Cover image for You got to be original, man : the music of Lester Young
You got to be original, man : the music of Lester Young
Büchmann-Møller, Frank.
Personal Author:
Publication Information:
New York : Greenwood Press, [1990]

Physical Description:
xii, 528 pages ; 24 cm.
General Note:
Includes index.
Format :


Call Number
Material Type
Home Location
Item Holds
ML156.7.Y7 B8 1990 Adult Non-Fiction Central Closed Stacks-Non circulating

On Order



Lester Young, the legendary tenor sax player known as Pres, created earth-shattering music for nearly 25 years. Now for the first time, the many Presophiles around the globe and kindred jazz aficionados will have access to a complete guide to Young's recorded legacy in this exhaustive discography. This companion volume to Buchmann-Moller's You Just Fight for Your Life , the longest and most accurate biography of Young's life to date, details 251 recording sessions. Listed chronologically, each session has its own introduction that contains title, personnel, date and place of recording, record label, discographical information with matrix numbers, the number of the newest or most complete release of the actual session, and, where applicable, whether recording is from concert, radio, or TV. The solography lists every solo played by Young, published or unpublished, and contains some newly discovered items including critical assessments of the solos, in many cases illustrated by the author's own transcriptions of the improvisations. Each solo analysis contains song title, form, and the number of takes followed by a listing of the personnel and individual soloists. Included here are notations for over 80 great Young solos and excerpts for many more written for a B flat instrument so that musicians can play along with their Lester Young recordings. Access to musicians and song titles is facilitated by a song index and a name index that keys items to the numbered sessions, and an index of the transcribed solos refer to the page(s) where the solos are to be found.

Musicians, fans, students, and scholars of music and jazz, as well as the general reader with an interest in jazz will find You Got to be Original, Man with its complete solography and companion biography, You Just Fight for Your Life to be the most comprehensive introduction of the man and his music available.

Author Notes

FRANK BUCHMANN- MOLLER, who is a Librarian at the Odense University Library in Denmark, has played jazz since the age of 15. A saxophonist, he appears regularly with a quartet and other groups at jazz clubs and in concert. An album of his compositions and arrangements was issued in 1975.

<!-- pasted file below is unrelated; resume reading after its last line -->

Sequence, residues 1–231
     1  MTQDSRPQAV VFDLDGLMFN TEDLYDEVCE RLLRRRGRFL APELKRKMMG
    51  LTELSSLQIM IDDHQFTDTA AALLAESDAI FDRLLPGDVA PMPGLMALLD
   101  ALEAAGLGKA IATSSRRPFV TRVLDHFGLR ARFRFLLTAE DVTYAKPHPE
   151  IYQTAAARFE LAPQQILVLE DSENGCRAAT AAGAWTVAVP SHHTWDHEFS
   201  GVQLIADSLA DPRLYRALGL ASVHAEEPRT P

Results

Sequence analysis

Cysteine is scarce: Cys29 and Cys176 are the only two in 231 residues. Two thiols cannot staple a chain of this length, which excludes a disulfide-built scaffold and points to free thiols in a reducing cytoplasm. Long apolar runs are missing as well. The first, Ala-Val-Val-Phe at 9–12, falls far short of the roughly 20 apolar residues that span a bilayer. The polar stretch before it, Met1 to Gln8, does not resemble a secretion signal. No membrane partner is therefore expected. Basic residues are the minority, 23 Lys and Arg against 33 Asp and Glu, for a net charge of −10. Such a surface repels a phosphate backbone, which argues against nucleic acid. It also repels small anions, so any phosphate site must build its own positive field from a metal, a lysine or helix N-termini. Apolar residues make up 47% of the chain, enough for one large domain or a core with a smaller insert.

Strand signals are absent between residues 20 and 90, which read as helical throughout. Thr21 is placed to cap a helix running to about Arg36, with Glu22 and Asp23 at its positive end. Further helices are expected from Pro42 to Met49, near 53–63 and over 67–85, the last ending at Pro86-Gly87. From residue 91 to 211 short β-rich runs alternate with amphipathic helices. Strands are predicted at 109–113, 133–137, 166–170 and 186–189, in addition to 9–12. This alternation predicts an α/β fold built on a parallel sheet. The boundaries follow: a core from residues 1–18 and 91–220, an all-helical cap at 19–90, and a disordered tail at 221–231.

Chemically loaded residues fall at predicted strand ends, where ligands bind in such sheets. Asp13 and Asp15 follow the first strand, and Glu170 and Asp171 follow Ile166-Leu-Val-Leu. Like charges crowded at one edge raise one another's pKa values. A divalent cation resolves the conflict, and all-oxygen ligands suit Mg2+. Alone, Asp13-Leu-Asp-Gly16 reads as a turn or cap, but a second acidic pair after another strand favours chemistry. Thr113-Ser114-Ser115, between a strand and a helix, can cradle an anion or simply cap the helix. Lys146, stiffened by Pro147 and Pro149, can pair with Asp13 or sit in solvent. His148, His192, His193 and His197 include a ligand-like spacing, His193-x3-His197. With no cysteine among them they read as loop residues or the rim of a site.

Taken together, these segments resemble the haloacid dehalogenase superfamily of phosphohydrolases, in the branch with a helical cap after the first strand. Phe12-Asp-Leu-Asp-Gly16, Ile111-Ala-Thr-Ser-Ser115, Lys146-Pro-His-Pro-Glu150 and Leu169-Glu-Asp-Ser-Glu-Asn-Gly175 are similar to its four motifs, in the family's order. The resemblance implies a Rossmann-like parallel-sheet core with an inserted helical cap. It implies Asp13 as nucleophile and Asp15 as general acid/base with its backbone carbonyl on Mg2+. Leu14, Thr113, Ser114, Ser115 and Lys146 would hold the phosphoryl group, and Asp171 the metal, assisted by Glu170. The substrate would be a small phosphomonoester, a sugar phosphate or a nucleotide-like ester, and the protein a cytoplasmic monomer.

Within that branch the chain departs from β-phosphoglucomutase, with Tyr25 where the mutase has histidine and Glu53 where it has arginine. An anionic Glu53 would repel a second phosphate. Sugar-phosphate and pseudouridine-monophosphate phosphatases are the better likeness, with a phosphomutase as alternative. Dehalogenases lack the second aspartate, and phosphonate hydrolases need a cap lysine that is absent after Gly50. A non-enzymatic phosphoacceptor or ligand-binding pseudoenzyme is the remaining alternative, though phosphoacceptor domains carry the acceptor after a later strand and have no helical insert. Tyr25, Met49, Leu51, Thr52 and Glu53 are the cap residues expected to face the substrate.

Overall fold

Reviews 1

Choice Review

The most complete study currently available of the life and music of Lester Young. You Just Fight for Your Life is a biography, put together from review, articles, and numerous interviews with Young's contemporaries and cohorts. Appendixes list Young's jobs and engagements from 1919 until his death in 1959 and the members of all Young's groups after he became a leader in 1941. Buchmann-Moller has gathered into one volume a great deal of information until now available only in a wide variety of sources. Much "new" information appears in excerpts from his own extensive interviews. The effect of telling so much of Young's story in the words of his associates, however, is that the reader gets more of a series of impressions about the subject than an integrated, connected narrative. Buchmann-Moller has in large part let the opinions of those quoted stand on their own, without stating his own judgments or attempting to reconcile sometimes conflicting accounts. Bothersome are inconsistencies and errors in spelling, as well as the author's occasionally awkward writing style. You Got to be Original, Man! is dubbed a "solography," that is, a guide to all of Young's recorded solos. Every known date that Young recorded, both commercial and private, is listed. Included for each session is the name of the group, the personnel, place and date of recording, titles with matrix numbers and record label, and number of "the latest or most complete edition" of the listed tracks. This is followed by commentary on the session and descriptions of each recording. More than 80 solos are transcribed completely. The descriptions are accurate and sometimes insightful. The transcriptions, too, are generally accurate, granting that it is impossible to faithfully represent all nuances of jazz solos on paper. It is unfortunate that the solos were printed directly from the computer music programs rather than being printed in a clearer, more attractive type. The layout of the book does not always make it immediately clear which transcriptions go with which descriptions (transcriptions are not identified by name or number). Despite their shortcomings, these two volumes are a valuable addition to the available information about one of jazz's major figures. Small jazz collections can get by on Lewis Porter's excellent (and easier-reading) Lester Young (CH, Feb'86), but larger collections should have the new information in these new works. K. R. Dietrich Ripon College

Table of Contents

ForewordLewis Porter
The Recording Sessions Addenda Notes and References Song Index Index of Transcribed Solos
Name Index